Canada’s Supreme Court dismisses HMB Holdings’ attempts to collect on an earlier judgment in British Columbia

Antigua and Barbuda has successfully defended a court claim in which the principals of Half Moon Bay (HMB) Holdings tried to have a Privy Council judgment against the State enforced in British Columbia.

The law firm of Aird & Berlis successfully represented the country at the Supreme Court of Canada.

Media reports say the Court dismissed efforts in Ontario, under the Reciprocal Enforcement of Judgments Act, to enforce a default judgment against Antigua and Barbuda that was originally granted by the Privy Council.

However, under the Act for that state, “a judgment shall not be registered if, among other things, the judgment debtor did not carry on business in the jurisdiction where the judgment was rendered.”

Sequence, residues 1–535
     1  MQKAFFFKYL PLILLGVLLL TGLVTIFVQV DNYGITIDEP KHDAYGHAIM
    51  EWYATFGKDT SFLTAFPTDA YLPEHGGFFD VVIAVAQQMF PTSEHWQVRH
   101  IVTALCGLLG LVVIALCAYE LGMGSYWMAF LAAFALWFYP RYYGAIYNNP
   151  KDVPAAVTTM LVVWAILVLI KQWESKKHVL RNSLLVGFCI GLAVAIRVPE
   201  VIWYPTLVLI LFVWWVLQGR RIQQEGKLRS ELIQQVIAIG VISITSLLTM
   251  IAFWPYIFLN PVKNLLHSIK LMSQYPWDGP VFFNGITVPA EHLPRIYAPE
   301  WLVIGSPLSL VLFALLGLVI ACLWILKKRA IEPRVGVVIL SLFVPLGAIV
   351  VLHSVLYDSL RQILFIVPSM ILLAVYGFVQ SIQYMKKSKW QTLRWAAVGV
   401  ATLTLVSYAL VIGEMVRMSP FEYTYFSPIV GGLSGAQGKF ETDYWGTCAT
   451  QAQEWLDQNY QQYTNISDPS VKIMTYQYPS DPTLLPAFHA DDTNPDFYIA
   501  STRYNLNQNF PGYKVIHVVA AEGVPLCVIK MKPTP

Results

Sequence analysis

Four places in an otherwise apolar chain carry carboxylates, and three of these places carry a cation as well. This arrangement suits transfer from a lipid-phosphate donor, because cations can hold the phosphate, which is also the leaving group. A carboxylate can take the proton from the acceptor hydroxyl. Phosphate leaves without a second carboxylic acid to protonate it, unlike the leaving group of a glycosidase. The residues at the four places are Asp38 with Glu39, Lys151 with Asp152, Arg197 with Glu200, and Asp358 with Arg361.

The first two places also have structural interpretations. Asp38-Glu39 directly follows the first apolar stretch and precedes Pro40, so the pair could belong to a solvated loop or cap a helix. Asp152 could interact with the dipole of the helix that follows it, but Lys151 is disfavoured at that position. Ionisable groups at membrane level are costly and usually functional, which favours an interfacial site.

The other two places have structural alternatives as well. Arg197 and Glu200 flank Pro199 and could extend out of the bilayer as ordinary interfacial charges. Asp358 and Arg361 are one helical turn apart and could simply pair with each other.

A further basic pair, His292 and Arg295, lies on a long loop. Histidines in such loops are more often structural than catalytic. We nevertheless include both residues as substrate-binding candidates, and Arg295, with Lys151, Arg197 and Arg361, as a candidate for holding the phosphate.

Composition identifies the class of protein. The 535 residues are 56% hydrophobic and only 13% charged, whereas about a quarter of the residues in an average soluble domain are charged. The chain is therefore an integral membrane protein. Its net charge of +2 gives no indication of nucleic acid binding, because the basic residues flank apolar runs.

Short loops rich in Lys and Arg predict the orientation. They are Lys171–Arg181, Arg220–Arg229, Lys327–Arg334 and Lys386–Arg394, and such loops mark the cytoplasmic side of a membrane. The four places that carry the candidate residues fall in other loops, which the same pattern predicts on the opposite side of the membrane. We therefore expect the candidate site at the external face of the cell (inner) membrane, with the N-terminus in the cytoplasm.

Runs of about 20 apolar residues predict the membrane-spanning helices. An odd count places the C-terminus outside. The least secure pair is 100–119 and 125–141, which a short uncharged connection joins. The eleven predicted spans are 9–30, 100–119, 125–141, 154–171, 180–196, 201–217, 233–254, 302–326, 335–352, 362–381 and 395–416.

The Canadian Supreme Court agreed with the majority of the Ontario Court of Appeal, which had rendered an earlier ruling in the matter, which was appealed by HMB.

The court ruled that the term “carrying on business” has the same meaning under the Act as under common law for jurisdiction simpliciter.

The Government had reportedly retained representatives in British Columbia to advertise and promote the Citizenship by Investment Pogramme (CIP).  But the Supreme Court found that this did not equate to carrying on business in the state.

HMB Holdings has been in a legal battle with the Government of Antigua and Barbuda for several decades over monies owed after its property was compulsorily acquired.